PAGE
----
1-Year-Old Singaporean With Spinal Muscular Atrophy Risks Paralysis As Condition Weakens Muscles

While most mothers eagerly anticipate their young children’s first steps, Ms Nurdiana is grappling with the possibility that her son might face a lifelong paralysis.

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Diagnosed with Spinal Muscular Atrophy (SMA) at only 13 months old, little Rayyan Qush struggles to even hold his head up.

His mum, who also has to take care of his 4 older siblings alone in their 2-room rental flat, is doing her best to ensure that her young one stands a good chance at living a normal life.

Diagnosed with condition in early Nov

According to BERITAmediacorp, Rayyan was diagnosed with SMA only recently, on 7 Nov.

Born a healthy baby, he showed no symptoms until he turned 7 months old, when Ms Nurdiana noticed some abnormalities.

Every time he lied facedown, he could neither lift his arms nor head.

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Concerned, Ms Nurdiana brought Rayyan to the polyclinic, which then referred them to the National University Hospital (NUH).

Multiple appointments and tests couldn’t determine any issues, so doctors recommended a genetic test for rare disorders.

The process should have been straightforward — send his blood samples to a lab in America, and get the results within a month.

Unfortunately, the first batch was destroyed on the flight there, postponing the results further. It wasn’t until 6 months later that Rayyan finally received his diagnosis.

Condition may eventually lead to paralysis

SMA causes a patient’s muscles to weaken, and Rayyan has been showing clear signs of that. In the interview with BERITAmediacorp, he seemed to constantly be on the verge of falling in his mother’s arms, as he couldn’t control his movements.

Unlike other children his age who are learning to walk, Rayyan struggles to even stand.

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His mum says it’s as if he can’t support his own body weight, and can’t apply pressure to his feet.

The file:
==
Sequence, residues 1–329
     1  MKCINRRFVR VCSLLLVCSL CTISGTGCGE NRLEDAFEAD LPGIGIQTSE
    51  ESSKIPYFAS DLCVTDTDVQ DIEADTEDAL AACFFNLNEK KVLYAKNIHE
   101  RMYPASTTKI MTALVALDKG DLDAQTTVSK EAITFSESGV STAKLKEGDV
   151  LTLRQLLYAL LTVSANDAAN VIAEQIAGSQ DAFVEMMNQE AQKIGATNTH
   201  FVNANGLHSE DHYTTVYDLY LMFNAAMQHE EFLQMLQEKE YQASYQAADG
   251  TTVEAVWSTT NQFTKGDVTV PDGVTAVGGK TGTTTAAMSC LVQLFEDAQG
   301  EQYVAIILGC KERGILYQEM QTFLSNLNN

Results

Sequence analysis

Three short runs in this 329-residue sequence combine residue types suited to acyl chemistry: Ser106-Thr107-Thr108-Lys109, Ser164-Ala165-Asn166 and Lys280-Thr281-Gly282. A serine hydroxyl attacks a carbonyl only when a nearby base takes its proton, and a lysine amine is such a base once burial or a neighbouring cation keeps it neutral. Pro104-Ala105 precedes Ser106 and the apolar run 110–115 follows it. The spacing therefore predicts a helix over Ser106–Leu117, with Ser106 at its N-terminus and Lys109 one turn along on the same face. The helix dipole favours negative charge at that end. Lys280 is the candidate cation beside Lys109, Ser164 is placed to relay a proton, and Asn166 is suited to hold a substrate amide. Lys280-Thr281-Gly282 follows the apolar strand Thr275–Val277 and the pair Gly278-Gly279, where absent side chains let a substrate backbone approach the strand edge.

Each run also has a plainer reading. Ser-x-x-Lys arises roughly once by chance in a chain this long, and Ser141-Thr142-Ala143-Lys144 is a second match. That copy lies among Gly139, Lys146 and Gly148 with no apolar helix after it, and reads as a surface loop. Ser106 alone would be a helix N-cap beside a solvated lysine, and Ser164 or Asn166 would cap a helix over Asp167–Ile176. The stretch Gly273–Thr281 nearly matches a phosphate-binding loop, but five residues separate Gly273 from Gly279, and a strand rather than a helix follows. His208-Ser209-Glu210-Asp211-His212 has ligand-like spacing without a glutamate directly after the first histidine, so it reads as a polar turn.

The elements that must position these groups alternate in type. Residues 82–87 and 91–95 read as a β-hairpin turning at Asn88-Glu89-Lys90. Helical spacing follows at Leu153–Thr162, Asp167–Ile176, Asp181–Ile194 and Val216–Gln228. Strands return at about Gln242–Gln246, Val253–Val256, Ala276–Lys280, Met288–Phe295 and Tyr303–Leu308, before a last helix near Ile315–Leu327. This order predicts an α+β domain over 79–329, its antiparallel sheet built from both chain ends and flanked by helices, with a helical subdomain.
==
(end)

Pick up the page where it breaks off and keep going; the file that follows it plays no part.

Over time, his condition may lead to paralysis, and in the worst case scenario, possibly even death.

This is because he needs to move his muscles in order to breathe, and that seems to be growing more difficult with time.

Treatment only effective within a limited window

Since the condition only affects 1 in 6,000 to 10,000 babies worldwide, treatment is considerably costly.

BERITAmediacorp reports that Zolgensma, a one-time gene therapy, is among the most expensive treatments in the world.

Not only will doctors have to bring in the medication from the US, they also have to carry out the treatment before Rayyan turns 2.

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After he reaches that age, his body will likely get used to his condition, and the medication may not be effective anymore.

Obtaining medication a complex process

At 13 months old, Rayyan has about 11 months left for this treatment, but Ms Nurdiana has even less time to raise funds considering the complex process to obtain the medication.

Gathering $3.1 million is already a big challenge, but there are other administrative obstacles too.

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The hospital will have to seek legal services to bring the medication here, and approval from the Health Sciences Authority (HSA).

Getting the medication could thus take about 4 months, and that’s after Ms Nurdiana makes payment.

She told BERITAmediacorp that there are no subsidies available, since Zolgensma has to be sourced overseas.

As such, the unrelenting single mum has turned to several platforms to raise money:

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You may click the first 2 links if you wish to contribute online.

Help mum raise funds for treatment

In the last update with BERITAmediacorp, Ms Nurdiana has raised over $140,000.

With time not really on her side, she needs to find another $2.96 million to reach her goal.

Striving towards this huge amount is no doubt challenging, especially for a single mother with 2 other kids in primary school, 1 in K1 and another who is only 2.

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But she’s doing her very best and is committed to help her little one.

Should she fail to reach the goal within the timeframe, Ms Nurdiana will channel the funds towards Rayyan’s therapy and other treatments like spinal injections.

That will likely cost around $700,000, and requires annual follow-ups.

Hope Rayyan receives the help he needs

Despite being a tough year, 2020 has shown how much compassion and humanity Singaporeans have towards each other.

Let this be an opportunity for us to continue proving that, and help Rayyan get closer towards receiving the treatment he urgently needs.

Whatever the outcome may be, we hope Ms Nurdiana will remain patient and strong in caring for her child.

We also hope that Rayyan will go on to lead a happy and healthy life with his beloved family.

Featured image adapted from Facebook and Give.asia.